2 Mar 2015 02:27pm

Lib Dems propose £1bn bank tax

The party will urge George Osborne to levy banks with the additional tax in his upcoming Budget

Chief secretary to the Treasury Danny Alexander has proposed that the annual levy on British banks is increased from £2.5bn per year to £3.5bn to help erase the deficit.

Now is the right time to ask the sector to contribute a little more to help us balance the nation's books

Danny Alexander

The Liberal Democrats want to impose an additional 8% rate of corporation tax. It says the supplementary charge will raise an extra £1bn and would remove the reductions in corporation tax on the banks since 2010.

Alexander will push the chancellor to include it his Budget on March 18, or it will form part of the party's economic manifesto for the general election.

He said, "With the final stage of deficit reduction requiring around £30bn of savings, it would be totally wrong for all of that to be found from cuts to public services as the Conservatives propose.

"Many banks were left seriously weakened after the crash. But as a result of our comprehensive range of reforms, and the strong economic recovery, the banking sector is now returning to health and profitability.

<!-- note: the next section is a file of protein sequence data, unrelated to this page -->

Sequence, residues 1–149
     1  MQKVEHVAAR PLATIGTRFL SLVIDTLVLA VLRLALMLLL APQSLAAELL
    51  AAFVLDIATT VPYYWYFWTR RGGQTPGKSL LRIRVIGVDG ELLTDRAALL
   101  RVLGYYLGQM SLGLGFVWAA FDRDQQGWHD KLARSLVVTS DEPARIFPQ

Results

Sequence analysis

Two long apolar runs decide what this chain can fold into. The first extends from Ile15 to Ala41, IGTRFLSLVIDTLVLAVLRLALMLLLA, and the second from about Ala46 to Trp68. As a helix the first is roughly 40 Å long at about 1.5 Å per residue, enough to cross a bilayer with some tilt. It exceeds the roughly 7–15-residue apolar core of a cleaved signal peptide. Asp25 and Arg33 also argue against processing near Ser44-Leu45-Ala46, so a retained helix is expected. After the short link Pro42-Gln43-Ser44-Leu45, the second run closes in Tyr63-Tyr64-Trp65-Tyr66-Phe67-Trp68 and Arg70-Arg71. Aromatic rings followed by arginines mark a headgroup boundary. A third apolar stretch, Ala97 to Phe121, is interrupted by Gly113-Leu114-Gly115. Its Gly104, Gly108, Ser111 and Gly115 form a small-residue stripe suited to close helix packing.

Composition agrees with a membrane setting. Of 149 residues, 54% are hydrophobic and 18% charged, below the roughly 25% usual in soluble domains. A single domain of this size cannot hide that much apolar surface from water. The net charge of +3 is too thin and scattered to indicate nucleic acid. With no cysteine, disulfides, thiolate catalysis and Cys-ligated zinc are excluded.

"So now is the right time to ask the sector to contribute a little more to help us balance the nation's books. That's the right way to keep our strong economy on track, and build a fairer society too."

Unsurprisingly, the British Banking Association has hit out at the proposals. “Banks in the UK already pay more tax than any other industry. The tens of billions of pounds the banking sector pays each year make a major contribution to funding schools and hospitals across the country.

“Introducing yet another tax on banks will not improve financial stability,” a spokesperson said.

Last month party leader Nick Clegg, proposed an £8bn tax increase on the wealthy.

Raymond Doherty


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